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Killing, The

The Killing is about a race-track robbery which is planned with clockwork precision but founders through human fallibility. A fatalistic narrator oversees the events and Kubrick’s camera traps its characters in a behavioural pattern that is ultimately to scatter their paper-thin hopes to the wind. The film’s suspense comes not from the robbery but from the certainty of the characters’ tragic fate.
One of the most distinctive features of the film is its unconventional treatment of time. The Killing does not build its narrative in strict chronological sequence but individually follows the characters as they separately approach the crucial hour of the robbery in their different ways. The effect is to heighten an awareness of time itself as an identity in the film, as it plays with characters who are ‘killing’ time prior to their bid for a new life and for whom time is, unbeknown to them, running out. For criminals and non-criminals alike, time is man’s ultimate prison. Another oft-criticised but crucial detail of the film is the runaway lapdog which is to stray disastrously across Sterling Hayden’s path at the end. It is a symbol of blind chance which, in Kubrick’s films, invariably upsets man’s best laid plans. It is also an impish reminder of Elisha’s Cook’s lapdog husband, whose hapless humanity is the weak link in the chain of an otherwise perfect crime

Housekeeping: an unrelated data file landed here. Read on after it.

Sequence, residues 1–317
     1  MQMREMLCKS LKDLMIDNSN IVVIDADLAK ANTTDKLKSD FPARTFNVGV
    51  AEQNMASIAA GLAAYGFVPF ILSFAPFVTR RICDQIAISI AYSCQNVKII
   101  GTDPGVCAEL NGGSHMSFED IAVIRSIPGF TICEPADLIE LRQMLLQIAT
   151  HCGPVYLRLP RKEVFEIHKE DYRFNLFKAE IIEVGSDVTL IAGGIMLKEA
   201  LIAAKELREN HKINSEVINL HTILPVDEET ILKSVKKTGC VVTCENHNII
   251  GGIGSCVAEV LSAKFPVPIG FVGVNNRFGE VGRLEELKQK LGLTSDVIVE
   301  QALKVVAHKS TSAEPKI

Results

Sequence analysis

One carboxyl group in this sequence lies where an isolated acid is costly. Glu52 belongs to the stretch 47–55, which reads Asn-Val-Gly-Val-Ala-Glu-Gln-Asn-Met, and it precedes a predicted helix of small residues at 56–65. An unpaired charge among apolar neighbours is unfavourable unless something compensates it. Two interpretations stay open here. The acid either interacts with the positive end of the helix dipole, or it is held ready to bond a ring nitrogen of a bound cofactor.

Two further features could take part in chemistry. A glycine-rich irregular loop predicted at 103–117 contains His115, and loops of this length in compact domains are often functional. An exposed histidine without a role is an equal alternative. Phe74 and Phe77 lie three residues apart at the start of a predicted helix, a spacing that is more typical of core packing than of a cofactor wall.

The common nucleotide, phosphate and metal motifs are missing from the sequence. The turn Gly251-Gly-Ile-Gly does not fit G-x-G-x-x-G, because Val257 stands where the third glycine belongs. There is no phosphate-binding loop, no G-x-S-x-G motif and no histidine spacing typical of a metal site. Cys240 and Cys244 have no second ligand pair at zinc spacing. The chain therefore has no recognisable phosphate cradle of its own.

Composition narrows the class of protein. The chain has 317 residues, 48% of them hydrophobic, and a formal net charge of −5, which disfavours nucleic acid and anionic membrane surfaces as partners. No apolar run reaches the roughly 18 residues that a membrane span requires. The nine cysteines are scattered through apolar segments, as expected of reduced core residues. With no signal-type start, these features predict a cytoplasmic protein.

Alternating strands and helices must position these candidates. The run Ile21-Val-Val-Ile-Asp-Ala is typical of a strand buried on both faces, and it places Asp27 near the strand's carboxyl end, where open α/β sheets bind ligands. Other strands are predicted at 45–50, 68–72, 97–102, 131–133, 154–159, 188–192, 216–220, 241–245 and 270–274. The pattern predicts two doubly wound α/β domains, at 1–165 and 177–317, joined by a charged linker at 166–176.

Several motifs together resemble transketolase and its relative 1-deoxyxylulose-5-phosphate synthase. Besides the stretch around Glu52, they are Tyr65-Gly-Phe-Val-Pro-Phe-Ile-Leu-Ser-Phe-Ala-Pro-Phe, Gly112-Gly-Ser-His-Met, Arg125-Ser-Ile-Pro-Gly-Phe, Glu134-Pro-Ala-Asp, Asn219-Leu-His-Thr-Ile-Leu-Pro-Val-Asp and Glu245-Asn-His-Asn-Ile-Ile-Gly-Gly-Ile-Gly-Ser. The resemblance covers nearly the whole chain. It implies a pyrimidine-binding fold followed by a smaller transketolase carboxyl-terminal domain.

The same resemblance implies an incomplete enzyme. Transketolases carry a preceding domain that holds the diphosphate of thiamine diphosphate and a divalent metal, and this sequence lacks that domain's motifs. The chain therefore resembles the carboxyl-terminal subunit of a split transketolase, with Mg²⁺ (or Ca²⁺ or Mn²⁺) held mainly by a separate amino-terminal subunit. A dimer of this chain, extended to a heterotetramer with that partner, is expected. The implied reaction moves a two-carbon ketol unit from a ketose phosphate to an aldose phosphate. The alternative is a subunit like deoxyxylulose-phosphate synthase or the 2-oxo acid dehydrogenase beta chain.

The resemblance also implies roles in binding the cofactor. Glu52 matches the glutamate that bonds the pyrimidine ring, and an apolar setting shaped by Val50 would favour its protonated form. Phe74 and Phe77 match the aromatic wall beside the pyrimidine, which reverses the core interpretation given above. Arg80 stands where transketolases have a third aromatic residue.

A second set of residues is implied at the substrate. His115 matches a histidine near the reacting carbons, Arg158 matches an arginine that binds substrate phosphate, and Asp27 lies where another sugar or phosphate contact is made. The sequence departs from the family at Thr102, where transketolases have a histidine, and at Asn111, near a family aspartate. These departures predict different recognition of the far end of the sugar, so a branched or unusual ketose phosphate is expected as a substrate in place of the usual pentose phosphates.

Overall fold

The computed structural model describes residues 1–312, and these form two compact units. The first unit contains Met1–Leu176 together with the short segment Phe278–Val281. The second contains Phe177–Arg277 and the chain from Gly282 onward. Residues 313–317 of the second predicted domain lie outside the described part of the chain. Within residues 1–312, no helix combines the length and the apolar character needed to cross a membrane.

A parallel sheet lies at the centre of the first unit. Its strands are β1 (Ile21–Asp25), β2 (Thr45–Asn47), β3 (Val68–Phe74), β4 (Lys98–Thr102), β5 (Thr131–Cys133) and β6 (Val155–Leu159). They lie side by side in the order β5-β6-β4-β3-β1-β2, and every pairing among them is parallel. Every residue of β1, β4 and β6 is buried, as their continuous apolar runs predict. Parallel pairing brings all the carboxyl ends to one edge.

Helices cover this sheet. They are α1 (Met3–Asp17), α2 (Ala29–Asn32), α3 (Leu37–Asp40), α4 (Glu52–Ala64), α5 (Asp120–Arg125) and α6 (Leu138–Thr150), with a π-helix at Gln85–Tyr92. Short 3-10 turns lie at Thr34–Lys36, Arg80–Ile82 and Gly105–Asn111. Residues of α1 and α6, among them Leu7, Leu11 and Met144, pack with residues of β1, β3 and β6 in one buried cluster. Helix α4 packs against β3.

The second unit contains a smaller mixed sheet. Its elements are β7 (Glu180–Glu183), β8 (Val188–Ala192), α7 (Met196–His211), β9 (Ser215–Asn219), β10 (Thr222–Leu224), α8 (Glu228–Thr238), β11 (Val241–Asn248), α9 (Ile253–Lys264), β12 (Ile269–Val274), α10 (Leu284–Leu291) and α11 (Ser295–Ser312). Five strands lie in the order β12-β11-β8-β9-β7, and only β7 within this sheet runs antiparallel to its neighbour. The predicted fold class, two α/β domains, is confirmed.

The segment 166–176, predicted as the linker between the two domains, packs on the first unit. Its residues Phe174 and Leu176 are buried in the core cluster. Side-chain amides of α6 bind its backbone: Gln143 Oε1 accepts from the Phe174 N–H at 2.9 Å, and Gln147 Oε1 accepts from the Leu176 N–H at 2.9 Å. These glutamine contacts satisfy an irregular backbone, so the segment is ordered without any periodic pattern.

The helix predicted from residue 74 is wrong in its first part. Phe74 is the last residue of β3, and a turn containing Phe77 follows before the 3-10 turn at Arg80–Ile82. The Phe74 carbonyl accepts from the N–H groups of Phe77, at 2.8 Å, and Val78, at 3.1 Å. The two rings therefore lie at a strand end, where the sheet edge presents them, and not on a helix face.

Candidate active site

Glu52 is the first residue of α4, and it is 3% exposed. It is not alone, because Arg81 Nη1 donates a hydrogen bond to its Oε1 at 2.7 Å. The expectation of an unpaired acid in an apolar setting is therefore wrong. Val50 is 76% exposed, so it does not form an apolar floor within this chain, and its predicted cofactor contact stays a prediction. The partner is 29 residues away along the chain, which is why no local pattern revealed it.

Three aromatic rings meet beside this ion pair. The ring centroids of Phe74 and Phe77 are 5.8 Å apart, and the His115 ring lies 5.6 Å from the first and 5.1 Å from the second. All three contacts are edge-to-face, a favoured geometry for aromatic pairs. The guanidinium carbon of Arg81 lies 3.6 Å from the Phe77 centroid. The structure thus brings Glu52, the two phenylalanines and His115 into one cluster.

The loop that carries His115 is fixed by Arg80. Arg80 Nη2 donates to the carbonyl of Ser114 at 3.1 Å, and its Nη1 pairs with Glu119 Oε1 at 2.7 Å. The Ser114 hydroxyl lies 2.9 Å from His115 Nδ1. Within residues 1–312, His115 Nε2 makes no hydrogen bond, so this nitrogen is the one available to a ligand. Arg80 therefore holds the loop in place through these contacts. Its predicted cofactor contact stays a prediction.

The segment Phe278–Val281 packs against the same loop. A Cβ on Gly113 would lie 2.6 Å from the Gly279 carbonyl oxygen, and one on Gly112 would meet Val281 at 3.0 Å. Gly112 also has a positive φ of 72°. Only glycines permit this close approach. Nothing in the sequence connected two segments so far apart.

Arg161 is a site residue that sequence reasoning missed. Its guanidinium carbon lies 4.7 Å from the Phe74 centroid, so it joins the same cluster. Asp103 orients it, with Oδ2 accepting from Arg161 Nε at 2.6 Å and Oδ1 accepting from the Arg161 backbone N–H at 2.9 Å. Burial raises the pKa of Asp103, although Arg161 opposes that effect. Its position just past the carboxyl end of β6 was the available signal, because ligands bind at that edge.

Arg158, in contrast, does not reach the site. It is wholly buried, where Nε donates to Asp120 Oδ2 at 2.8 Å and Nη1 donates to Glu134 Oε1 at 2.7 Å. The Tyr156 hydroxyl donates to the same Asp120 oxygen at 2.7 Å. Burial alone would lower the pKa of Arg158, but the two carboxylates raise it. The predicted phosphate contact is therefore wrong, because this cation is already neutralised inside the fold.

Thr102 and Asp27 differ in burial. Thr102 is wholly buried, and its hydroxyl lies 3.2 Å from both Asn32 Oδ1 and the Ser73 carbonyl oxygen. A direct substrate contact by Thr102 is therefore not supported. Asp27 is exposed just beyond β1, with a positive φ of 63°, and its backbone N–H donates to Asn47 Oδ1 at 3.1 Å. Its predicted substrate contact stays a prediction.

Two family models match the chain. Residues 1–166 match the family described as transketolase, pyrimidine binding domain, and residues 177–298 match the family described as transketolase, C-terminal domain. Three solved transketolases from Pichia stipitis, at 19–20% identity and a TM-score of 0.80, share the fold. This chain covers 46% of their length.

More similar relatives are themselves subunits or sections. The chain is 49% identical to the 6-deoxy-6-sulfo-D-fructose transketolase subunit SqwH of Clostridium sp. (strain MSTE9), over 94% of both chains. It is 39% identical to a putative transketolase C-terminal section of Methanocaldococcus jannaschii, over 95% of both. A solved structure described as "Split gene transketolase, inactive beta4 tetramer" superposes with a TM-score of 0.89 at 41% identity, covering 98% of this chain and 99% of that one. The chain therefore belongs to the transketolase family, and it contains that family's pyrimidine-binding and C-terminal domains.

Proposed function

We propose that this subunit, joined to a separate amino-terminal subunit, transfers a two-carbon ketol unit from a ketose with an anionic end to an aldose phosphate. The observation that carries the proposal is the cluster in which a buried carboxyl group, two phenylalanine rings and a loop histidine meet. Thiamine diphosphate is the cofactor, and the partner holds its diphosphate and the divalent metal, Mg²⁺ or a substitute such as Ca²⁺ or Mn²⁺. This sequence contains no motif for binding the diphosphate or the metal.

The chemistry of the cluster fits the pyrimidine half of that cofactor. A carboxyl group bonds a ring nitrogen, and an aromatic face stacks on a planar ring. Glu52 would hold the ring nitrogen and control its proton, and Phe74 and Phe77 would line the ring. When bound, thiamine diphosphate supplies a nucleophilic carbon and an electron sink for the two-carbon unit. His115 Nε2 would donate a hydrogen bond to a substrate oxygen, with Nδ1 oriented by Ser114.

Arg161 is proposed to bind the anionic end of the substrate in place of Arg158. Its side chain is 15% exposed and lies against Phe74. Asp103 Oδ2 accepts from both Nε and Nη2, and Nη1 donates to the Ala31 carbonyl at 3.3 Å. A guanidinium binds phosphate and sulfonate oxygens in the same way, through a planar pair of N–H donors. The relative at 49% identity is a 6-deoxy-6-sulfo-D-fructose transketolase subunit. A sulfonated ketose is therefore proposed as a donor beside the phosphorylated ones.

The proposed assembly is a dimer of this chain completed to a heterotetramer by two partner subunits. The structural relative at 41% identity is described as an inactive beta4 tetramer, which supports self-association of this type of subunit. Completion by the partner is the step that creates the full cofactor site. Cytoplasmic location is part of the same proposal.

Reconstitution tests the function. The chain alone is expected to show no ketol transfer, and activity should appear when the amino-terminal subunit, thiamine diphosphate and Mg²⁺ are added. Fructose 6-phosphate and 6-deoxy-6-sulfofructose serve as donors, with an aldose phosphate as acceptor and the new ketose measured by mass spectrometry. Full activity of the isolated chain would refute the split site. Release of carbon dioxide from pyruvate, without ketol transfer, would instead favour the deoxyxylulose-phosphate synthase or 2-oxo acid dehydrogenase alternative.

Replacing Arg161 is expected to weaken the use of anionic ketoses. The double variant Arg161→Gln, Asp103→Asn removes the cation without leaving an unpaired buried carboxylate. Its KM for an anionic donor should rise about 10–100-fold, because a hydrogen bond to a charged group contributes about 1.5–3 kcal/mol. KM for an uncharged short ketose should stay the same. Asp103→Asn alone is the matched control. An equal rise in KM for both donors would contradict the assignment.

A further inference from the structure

U.S.A., 1956.
Black and white.
83 mins.

Flying Padre
A documentary account of a priest in New Mexico who covers his 4,000 square mile parish in a single-engine plane. Combining coyness and solemnity in a rather risible Look at Life style, the film remains interesting for the way Kubrick attempts to turn the priest’s mundane schedule into the building blocks of a limited-time-span narrative, and for one or two images which signal things to come. Is the priest alone in his plane, captured in some bizarre low-angle shots, the star-tripper of his own universe?
U.S.A., 1951.
Black and white.
9 mins.

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